AVON — Humbled.
That was the word both Bob Lippert and John Christopher used Wednesday afternoon in describing the honor of throwing out the ceremonial fist ball bestowed on them of throwing out the by the baseball programs from St. Paul and Norwalk, respectively.
The schools played Wednesday at All Pro Freight Stadium in Avon.
Lippert, the son of the late Robert Lippert, Sr., a long-time baseball coach among other sports at St. Paul, said that his father not only taught him baseball but about life.
“The years I coached with him I will never forget,” said Lippert, who Wednesday learned that he has been promoted to the rank of lieutenant on the Erie County Sheriff’s Office. “He also taught me how to deal with kids and understand them.”
“Dad was a no-nonsense coach and that’s the approach I took back when I was coaching and that is my belief in my occupation today.
“He was a straight-shooter, never mincing words. He believed the more honest you are with people, the further along you get with them. Respect was not automatic from him. He believed it was earned.”
Lippert appreciated the two programs thinking enough of his father to give him the chance to stand in for him Wednesday.
Lippert remembered the day the late Charlie Roth hired him to coach the St. Paul reserve team.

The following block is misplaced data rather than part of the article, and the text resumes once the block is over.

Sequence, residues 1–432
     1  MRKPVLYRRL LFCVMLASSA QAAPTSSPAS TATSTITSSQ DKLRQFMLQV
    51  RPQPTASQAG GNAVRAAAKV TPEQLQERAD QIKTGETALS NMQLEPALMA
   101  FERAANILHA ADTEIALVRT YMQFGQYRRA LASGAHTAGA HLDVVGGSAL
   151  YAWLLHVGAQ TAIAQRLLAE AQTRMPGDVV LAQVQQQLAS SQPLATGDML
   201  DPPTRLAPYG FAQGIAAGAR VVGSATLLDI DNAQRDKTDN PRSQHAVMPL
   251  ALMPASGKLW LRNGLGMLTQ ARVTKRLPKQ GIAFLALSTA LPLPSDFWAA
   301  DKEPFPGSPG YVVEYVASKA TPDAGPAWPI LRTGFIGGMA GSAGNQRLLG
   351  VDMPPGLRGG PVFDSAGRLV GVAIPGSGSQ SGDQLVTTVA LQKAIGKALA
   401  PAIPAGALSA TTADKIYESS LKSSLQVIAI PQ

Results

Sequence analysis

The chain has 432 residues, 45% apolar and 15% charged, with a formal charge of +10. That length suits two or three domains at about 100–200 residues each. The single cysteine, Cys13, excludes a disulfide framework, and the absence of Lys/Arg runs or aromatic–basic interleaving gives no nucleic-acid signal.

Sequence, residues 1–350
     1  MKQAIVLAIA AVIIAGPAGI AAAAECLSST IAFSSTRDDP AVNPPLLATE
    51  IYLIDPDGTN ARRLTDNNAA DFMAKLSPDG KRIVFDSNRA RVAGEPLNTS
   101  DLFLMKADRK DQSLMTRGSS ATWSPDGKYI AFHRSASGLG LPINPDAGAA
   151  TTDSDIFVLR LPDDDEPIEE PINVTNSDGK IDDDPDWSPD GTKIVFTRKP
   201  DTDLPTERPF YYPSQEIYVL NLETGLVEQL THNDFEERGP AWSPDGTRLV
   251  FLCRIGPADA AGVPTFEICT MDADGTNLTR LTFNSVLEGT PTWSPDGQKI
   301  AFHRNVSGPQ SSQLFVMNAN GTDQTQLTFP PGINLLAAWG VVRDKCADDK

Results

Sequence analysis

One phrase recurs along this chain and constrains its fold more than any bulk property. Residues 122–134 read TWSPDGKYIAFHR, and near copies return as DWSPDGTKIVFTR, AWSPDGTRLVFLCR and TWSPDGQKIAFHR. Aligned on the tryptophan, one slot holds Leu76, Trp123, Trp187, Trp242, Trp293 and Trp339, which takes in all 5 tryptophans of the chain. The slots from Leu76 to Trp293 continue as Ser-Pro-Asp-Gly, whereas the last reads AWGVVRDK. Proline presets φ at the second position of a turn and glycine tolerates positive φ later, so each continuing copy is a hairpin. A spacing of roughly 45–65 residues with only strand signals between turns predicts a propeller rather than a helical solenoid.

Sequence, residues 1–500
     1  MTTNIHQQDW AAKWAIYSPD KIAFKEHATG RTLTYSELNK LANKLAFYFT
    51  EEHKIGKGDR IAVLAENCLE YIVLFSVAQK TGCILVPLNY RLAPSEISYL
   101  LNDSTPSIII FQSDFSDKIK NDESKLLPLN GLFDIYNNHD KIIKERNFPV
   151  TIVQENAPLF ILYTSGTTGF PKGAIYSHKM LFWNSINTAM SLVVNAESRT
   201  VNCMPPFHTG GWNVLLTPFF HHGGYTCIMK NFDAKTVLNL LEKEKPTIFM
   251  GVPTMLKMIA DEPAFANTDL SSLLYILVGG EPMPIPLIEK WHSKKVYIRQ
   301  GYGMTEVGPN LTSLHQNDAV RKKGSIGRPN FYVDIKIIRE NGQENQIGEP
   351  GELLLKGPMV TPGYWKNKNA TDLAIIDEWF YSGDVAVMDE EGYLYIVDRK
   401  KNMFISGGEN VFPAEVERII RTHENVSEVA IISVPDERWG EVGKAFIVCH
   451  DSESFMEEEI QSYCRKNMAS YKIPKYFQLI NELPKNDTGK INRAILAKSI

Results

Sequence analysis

“I knew of a heck of an assistant,” Lippert said of his father.
“He was an instant hire. The first afternoon as I remember, we worked with the jayvees one year and when Charlie resigned, we moved up to the varsity.
“I remained the head coach and somewhere, we switched off and he took over. We were together for eight years. All I can say is, if any son has a chance to do that, jump at it. The days and the years fly by.”
Christopher was one of four first-team all-Ohio players at Norwalk High School.
Another was Christopher’s teammate Gary Wilde, the long-time first-base coach for Wes Douglas. Allyn Schnellinger and Brett Smith were the other two.
Christopher’s high school career started in 1976 when he was a freshman under John Deehr.
He lettered all four years, playing the outfield, first base and pitcher.
“Actually, I had a better year at the plate my junior year,” said Christopher, 50, perhaps better known as a punter at both the high school and college (Morehead State) levels. I hit .481 as a junior, a number that was the record for a time but passed many times since then.”
Christopher still keeps up with the Truckers.
“This is really great for Norwalk baseball,” said Christopher, the superintendent of the water department at Cuyahoga Falls.
“What makes me proud is my teammates, Wes and Gary, are the mainstays of the Norwalk program,” Christopher said. “I swing by occasionally and see how they are doing. It is obvious they are just as good at what they do now.”
Christopher also talked about the past.
“We were 18-9 our senior year when we made it to the final four, losing to Cleveland Benedictine,’’ he said. “It was a season when we started to realize our potential late in the year.”
Christopher still sees Deehr.
“John lives in Stow,’’ Christopher said. “ I see him on occasion and get over to his house for dinner once in awhile.”